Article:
Monoclonal antibodies are produced by immunizing animals with a synthetic peptide corresponding to residues near the amino terminus of human ATP2A2/SERCA2 protein, residues surrounding Pro995 of human ATP2A1/SERCA1 protein, residues surrounding Thr197 of human PKA C protein, or residues surrounding Ser326 of human PKA C-α protein. Monoclonal antibodies are also produced by immunizing animals with a synthetic peptide corresponding to residues near the amino terminus of human phospholamban proten (not overlapping Ser16 and Thr17). Phospho-specific polyclonal antibodies are produced by immunizing animals with a synthetic phosphopeptide corresponsing to residues surrounding Ser16/Thr17 of human phospholamban protein. Polyclonal antibodies are purified by protein A and peptide affinity chromatography.

Background

Sarcoplasmic and endoplasmic reticulum Ca2+ ATPases (SERCA) are members of a highly conserved family of Ca2+ pumps (1). ATP2A1 (SERCA1) is a fast-twitch, skeletal muscle sarcoplasmic reticulum (SR) Ca2+ ATPase (2). Multiple ATP2A2 (SERCA2) isoforms have been isolated, with ATP2A2a (SERCA2a) found predominantly in the SR of muscle cells and ATP2A2b (SERCA2b) more ubiquitously expressed in the ER of most cell types (3). Post-translational modification of ATP2A2, including phosphorylation and tyrosine nitration, modify Ca2+ -ATPase activity and calcium transport (4,5).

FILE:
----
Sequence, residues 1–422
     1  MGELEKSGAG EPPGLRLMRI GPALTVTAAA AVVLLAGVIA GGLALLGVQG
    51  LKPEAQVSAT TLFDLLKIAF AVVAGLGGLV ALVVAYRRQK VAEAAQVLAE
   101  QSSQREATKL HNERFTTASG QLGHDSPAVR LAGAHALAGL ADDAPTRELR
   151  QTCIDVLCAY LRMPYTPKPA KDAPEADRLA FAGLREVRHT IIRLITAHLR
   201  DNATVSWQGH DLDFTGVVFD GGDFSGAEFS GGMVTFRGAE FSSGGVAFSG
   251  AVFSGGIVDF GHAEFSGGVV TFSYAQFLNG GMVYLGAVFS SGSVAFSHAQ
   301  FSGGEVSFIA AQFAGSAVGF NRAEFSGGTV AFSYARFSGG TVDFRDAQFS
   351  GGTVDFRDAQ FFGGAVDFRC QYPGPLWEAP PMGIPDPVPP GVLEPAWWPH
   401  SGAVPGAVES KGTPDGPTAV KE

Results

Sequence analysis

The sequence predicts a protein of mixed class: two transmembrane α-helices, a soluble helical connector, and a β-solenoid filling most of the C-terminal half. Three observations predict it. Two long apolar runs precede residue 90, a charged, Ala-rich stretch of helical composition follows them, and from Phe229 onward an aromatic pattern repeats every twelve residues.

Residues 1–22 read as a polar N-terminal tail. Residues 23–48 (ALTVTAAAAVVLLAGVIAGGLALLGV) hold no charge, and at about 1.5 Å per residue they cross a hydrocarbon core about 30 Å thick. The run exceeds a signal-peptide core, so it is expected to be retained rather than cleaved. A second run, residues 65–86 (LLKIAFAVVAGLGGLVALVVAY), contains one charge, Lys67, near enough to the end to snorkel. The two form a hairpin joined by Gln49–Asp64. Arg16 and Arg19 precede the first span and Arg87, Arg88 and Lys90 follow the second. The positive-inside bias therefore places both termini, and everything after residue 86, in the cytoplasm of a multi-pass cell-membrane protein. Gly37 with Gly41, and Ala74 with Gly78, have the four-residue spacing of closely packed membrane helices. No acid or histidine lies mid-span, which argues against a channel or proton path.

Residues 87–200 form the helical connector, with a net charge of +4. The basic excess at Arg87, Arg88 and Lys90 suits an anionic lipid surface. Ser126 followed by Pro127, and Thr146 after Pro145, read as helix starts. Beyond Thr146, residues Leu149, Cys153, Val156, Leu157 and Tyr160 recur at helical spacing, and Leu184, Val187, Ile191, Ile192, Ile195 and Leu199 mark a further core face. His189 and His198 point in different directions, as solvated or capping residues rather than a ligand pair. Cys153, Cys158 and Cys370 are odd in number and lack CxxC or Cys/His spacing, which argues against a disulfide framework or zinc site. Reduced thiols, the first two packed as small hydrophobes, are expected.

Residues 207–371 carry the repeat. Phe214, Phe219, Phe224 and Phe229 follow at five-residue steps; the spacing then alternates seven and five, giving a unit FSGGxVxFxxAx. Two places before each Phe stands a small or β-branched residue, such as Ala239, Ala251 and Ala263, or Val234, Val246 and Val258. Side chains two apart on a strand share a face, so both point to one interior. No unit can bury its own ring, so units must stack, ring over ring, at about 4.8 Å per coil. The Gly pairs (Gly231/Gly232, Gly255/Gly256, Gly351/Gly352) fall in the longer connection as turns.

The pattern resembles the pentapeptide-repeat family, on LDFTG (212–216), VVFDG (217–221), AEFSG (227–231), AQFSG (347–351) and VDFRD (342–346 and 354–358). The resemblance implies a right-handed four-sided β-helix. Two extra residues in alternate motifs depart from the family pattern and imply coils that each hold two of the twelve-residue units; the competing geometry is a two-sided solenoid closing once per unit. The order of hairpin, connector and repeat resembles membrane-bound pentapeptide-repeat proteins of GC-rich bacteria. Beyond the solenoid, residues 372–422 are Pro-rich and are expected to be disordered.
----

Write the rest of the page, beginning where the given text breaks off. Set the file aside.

Phospholamban (PLN) was identified as a major phosphoprotein component of the SR (6). Despite very high expression in cardiac tissue, phospholamban is also expressed in skeletal and smooth muscle (7). Localization of PLN is limited to the SR, where it serves as a regulator of the sarco-endoplasmic reticulum calcium ATPase, SERCA (8). PLN binds directly to SERCA and effectively lowers its affinity for calcium, thus reducing calcium transport into the SR. Phosphorylation of PLN at Ser16 by PKA or myotonic dystrophy protein kinase and/or phosphorylation at Thr17 by Ca2+/calmodulin-dependent protein kinase results in release of PLN from SERCA, relief of this inhibition, and increased calcium uptake by SR (reviewed in 9,10). It has long been held that phosphorylation at Ser16 and Thr17 occurs sequentially, but increasing evidence suggests that phosphorylation, especially at Thr17, may be differentially regulated (reviewed in 11,12).